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Star Trek – And the Children Shall Lead (Review)

This July and August, we’re celebrating the release of Star Trek Beyond by taking a look back at the third season of the original Star Trek. Check back every Monday, Wednesday and Friday for the latest update.

Come mothers and fathers
Throughout the land
And don’t criticize
What you can’t understand
Your sons and your daughters
Are beyond your command
Your old road is rapidly agin’
Please get out of the new one if you can’t lend your hand
For the times they are a-changin’.

– Bob Dylan, The Times, They Are A-Changin’, 1964

Either you Gorgan, or you be gone.

Either you Gorgan, or you be gone.

And the Children Shall Lead is a notoriously terrible episode of television.

It is also another reminder that the sixties are coming to an end, and (with them) Star Trek. For a so that is widely considered progressive and utopian, Star Trek often seemed to struggle with its perspective on the various social issues of the sixties. Fans might point to episodes like A Taste of Armageddon or Errand of Mercy as sweeping condemnations of the Vietnam and the Cold War, but they tend to gloss over the patriotic defence of United States foreign policy in episodes like A Private Little War or The Omega Glory.

"I regret to inform you, Captain, that the script is indeed 'that bad'."

“I regret to inform you, Captain, that the script is indeed ‘that bad’.”

Star Trek seemed very strongly divided on the countercultural movement. In many ways, Spock spoke to a generation of young people distanced from their parents and disenfranchised from the status quo, while the franchise imagined a bright future in which people of different colours and creeds worked together. On the other hand, the show was also quite anxious and condescending about the threat counterculture posed to the establishment, as demonstrated in episodes like Operation — Annihilate! or This Side of Paradise.

Although The Way to Eden tends to get treated as the third season’s definitive statement on the hippie movement, And the Children Shall Lead is a much more patronising and reactionary response. It is a fifty-minute public service message about the dangers that radical ideas pose to young minds and why those young minds should never dare to question their elders, who almost certainly know best.

A healthy green glow...

A healthy green glow…

In many ways, the sixties ended in 1968. The year marked a transition point, in many ways. Martin Luther King was shot in early April 1968, more than a month before Spectre of the Gun went into production; appropriately enough, the episode would be rerun on the anniversary of his assassination. Robert Kennedy was assassinated in early June 1968, while Elaan of Troyius was in production. Although the sixties had been a turbulent decade, there was a sense that the lid had come off of something.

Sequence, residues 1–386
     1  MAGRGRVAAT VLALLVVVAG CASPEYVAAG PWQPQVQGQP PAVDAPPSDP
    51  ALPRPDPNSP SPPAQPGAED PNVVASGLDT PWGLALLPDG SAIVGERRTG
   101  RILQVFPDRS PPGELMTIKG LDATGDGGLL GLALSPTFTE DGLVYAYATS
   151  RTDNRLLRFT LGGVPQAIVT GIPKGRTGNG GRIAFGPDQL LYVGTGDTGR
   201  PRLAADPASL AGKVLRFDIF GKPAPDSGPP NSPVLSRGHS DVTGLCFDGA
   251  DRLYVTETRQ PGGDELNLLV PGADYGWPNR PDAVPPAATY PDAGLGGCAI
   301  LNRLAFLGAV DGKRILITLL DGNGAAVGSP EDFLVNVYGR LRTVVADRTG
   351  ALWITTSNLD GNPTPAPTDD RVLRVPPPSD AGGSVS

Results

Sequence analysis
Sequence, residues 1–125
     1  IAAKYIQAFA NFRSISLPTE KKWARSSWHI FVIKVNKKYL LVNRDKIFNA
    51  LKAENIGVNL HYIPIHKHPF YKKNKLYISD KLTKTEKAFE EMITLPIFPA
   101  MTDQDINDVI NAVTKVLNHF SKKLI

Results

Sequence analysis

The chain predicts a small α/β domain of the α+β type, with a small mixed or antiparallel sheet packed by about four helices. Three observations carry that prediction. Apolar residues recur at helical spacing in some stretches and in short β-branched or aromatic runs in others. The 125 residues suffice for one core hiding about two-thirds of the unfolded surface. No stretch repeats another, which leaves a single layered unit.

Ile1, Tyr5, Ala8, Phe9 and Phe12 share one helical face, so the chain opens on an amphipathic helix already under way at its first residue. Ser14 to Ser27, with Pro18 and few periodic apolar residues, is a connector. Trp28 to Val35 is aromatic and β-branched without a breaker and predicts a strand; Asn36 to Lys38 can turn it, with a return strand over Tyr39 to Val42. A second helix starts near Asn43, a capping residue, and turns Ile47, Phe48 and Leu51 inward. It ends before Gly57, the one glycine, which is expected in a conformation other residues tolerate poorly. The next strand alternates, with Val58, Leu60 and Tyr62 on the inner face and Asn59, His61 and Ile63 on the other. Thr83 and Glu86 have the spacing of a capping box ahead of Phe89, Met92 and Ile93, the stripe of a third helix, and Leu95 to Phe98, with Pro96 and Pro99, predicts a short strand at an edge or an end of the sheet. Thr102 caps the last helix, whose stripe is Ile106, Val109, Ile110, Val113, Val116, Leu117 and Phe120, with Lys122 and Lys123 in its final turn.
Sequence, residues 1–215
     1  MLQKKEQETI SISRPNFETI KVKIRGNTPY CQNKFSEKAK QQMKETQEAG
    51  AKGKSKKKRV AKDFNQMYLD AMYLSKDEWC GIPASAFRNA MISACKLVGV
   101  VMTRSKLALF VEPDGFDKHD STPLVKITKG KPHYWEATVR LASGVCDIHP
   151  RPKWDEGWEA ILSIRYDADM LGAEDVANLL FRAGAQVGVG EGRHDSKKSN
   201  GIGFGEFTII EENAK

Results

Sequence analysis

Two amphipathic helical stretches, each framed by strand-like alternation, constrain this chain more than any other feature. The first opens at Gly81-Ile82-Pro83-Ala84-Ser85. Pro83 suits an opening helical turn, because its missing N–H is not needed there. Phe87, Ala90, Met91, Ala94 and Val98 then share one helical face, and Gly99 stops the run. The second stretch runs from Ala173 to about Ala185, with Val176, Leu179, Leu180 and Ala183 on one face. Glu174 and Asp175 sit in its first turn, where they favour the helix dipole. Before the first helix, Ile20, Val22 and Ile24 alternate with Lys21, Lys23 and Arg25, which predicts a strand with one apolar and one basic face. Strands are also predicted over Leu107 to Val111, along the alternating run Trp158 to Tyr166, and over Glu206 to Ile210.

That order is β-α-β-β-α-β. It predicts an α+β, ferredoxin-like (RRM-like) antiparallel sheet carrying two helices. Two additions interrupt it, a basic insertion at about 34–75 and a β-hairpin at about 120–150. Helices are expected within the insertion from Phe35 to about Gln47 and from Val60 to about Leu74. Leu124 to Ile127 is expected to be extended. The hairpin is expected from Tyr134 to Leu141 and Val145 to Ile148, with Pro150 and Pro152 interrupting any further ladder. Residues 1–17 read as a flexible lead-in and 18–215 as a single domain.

The sixties were marked by social protest, but those protests exploded over the summer. This season of unrest got off to an early start with the murder of three protesters (and the wounding of twenty-seven others) by police officers in Orangeburg, South Caroline in February 1968. Following the death of Martin Luther King in April 1968, there were high-profile riots in Baltimore, Washington, Chicago, Kansas City, Wilmington and Louisville. This is to say nothing of student riots in Paris in May 1968 or the disruption of the Democratic convention in August 1968.

And the children shall command.

And the children shall command.

In Easy Riders Raging Bulls, Peter Biskind charts the death of the sixties in a broader cultural context over the years of 1968 and 1969:

“It was as if, at the moment of ripeness, the dark blossoms of decay were already unfolding. Psychedelics were on their way out, acid had been laced with speed to make a paranoia-inducing drug called STP. Haight-Ashbury was already being decimated by speed and smack, and Hollywood was getting ready to take a fast ride down the cocaine highway. There was a sense of closure, that an era was over, that people had gotten away with a lot for a while and, for the more apocalyptically minded, that the Grim Reaper was going to cut them all down. “It was the end of the ’60s,” says [Richard] Sylbert. “All over town you could hear the toilets flushing.”

This was also true of the countercultural movement itself. Members staged a mock funeral to mark the Death of the Hippie in October 1967, the end of the Summer of Love. What followed might be best described as a Season of Fear.

A dead world.

A dead world.

The times changed quickly. In June 1969, Easy Rider served as a eulogy for counterculture, suggesting that there was no place left for that sort of “freedom” in contemporary America. The Manson family murders would take place in August 1969, providing a grotesque mirror to the hippie movement. Much the iconography was the same; with Manson’s long hair, his abuse of psychedelics, his fixation upon “free love.” The Manson murders served as vindication for those parents long concerned about the potential dangers of the hippie movement.